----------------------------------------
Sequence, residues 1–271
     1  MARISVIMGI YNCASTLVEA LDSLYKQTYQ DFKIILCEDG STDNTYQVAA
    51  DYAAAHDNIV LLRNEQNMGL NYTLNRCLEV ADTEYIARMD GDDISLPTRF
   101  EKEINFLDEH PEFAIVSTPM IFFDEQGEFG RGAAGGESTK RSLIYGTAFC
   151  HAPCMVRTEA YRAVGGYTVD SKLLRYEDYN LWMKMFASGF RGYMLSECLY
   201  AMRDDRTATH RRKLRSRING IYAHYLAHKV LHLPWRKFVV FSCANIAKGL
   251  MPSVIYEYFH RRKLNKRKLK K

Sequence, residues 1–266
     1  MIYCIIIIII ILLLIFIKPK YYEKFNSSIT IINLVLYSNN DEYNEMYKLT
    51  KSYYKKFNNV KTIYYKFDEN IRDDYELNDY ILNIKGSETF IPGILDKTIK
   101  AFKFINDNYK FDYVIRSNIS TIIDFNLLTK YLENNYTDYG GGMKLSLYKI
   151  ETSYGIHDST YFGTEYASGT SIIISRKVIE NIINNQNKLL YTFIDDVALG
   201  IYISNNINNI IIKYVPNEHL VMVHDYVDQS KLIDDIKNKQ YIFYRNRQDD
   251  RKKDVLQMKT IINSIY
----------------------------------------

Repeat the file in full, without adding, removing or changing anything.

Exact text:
Sequence, residues 1–271
     1  MARISVIMGI YNCASTLVEA LDSLYKQTYQ DFKIILCEDG STDNTYQVAA
    51  DYAAAHDNIV LLRNEQNMGL NYTLNRCLEV ADTEYIARMD GDDISLPTRF
   101  EKEINFLDEH PEFAIVSTPM IFFDEQGEFG RGAAGGESTK RSLIYGTAFC
   151  HAPCMVRTEA YRAVGGYTVD SKLLRYEDYN LWMKMFASGF RGYMLSECLY
   201  AMRDDRTATH RRKLRSRING IYAHYLAHKV LHLPWRKFVV FSCANIAKGL
   251  MPSVIYEYFH RRKLNKRKLK K

Sequence, residues 1–266
     1  MIYCIIIIII ILLLIFIKPK YYEKFNSSIT IINLVLYSNN DEYNEMYKLT
    51  KSYYKKFNNV KTIYYKFDEN IRDDYELNDY ILNIKGSETF IPGILDKTIK
   101  AFKFINDNYK FDYVIRSNIS TIIDFNLLTK YLENNYTDYG GGMKLSLYKI
   151  ETSYGIHDST YFGTEYASGT SIIISRKVIE NIINNQNKLL YTFIDDVALG
   201  IYISNNINNI IIKYVPNEHL VMVHDYVDQS KLIDDIKNKQ YIFYRNRQDD
   251  RKKDVLQMKT IINSIY